So… I abstain from preaching and knocking on doors (even cyber-doors), because those actions have an adverse effect on me. It doesn’t mean that preaching and door-knocking isn’t effective (in some cases). I have no desire to “convert”, and every time I run into someone who is interested, I do not mourn if said interest is merely superficial (AL I:44). I abstain from debating/arguing, and respect everyone’s right to live by their own law (Liber OZ). Even if it means objective physical/intellectual/spiritual/emotional slavery for them.

        Instead, I perform Liber Resh and Saying Will in the appropriate occasions. I wear T-shirts sporting “the Five Pointed Star, with a Circle in the Middle” (and yes, the circle is Red :)). I read books by Crowley in public, at certain “strategic” points. I drop hints during conversations, etc.

        I have found that this behaviour attracts more (honest) interest and attention than preaching. Not everyone that is interested turns to Thelema, but the ones that do are not zealots. Not all of them join the OTO, but then again, the OTO is not for all :) (plus there’s enormous stigma associated with membership in any sect/religious group that is not Orthodox Christian (the majority religion in Macedonia)).

        I can understand the merit and the desire to spread the word, enlighten the world and affect change in the world around us. And I wholeheartedly applaud such action. But IMO, social change (both local and global) needs extra special care and work. If one can carry that torch “unassuaged of purpose, delivered from the lust of result”, then more power to ya :)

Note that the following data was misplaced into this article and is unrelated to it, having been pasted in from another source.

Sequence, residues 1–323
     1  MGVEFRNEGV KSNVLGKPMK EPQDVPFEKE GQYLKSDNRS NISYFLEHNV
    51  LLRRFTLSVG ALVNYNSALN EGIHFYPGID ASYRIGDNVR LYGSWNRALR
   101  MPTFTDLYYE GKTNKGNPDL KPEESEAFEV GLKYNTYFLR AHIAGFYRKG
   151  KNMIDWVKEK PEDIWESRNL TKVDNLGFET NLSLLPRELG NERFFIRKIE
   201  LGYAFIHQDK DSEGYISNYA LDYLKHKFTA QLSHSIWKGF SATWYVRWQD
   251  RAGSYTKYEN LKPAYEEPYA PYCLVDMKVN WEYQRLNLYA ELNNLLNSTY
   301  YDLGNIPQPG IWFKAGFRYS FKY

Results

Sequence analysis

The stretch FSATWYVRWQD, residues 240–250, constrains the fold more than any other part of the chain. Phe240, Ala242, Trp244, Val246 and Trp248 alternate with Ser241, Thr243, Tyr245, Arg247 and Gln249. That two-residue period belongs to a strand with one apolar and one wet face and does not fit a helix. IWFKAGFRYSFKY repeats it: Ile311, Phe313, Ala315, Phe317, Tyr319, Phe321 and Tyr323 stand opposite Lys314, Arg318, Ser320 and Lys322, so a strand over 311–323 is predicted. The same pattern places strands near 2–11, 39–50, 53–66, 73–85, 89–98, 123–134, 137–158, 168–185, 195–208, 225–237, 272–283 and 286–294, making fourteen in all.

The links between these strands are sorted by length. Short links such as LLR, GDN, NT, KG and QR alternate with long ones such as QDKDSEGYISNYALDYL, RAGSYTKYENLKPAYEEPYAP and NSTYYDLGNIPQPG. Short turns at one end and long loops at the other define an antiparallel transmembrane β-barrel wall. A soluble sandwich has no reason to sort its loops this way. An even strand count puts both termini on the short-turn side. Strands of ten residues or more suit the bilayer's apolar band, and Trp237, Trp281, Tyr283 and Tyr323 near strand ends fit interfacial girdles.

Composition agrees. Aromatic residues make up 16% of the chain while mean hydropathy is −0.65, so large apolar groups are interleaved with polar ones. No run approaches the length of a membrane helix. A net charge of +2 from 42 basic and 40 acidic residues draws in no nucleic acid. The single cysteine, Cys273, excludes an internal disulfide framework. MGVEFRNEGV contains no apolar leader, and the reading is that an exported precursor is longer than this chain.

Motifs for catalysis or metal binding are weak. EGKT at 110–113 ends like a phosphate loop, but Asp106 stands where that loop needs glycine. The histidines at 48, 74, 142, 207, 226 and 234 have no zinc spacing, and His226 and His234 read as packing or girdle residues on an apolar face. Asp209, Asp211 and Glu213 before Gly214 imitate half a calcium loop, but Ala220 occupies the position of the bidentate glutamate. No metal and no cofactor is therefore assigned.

93 93/93

    • Kevin Stevenson
      January 15, 2010 at 12:43 am

      Bojan:

      You make a distinction between “belief” and “agree.” I don’t see how this distinction is significant, though. For what are you in agreement with, but the creeds of and propositions concerning the tenets of Thelema. This is actually one definition of belief, that one hold an agreeable attitude toward certain propositions about… As such, then I don’t believe the gospel, I agree with it. I agree that God is God and I am not; that I’ve not lived in accordance to God’s standards; that, due to my seeking to assume his place, I’ve continually resisted his will in order to live out my own, as a god, and that I have nothing to reconcile this destructive relationship between God and myself.

      Thus, by grace, God enabled me to believe, or rather, AGREE, that the Word of God took on human flesh, lived perfectly coram deo, before the face of God his Father, suffered under Pilate, died, was buried, and was raised on the third day, all in accordance with the Scriptures, so as to allow God to be both just and the justifier of those who will trust Jesus and his Lordship, and repent of living out “I will do as I wilt,” and so turn to live as Christ like life of submission to the will of God, praying, “Thy will be done.”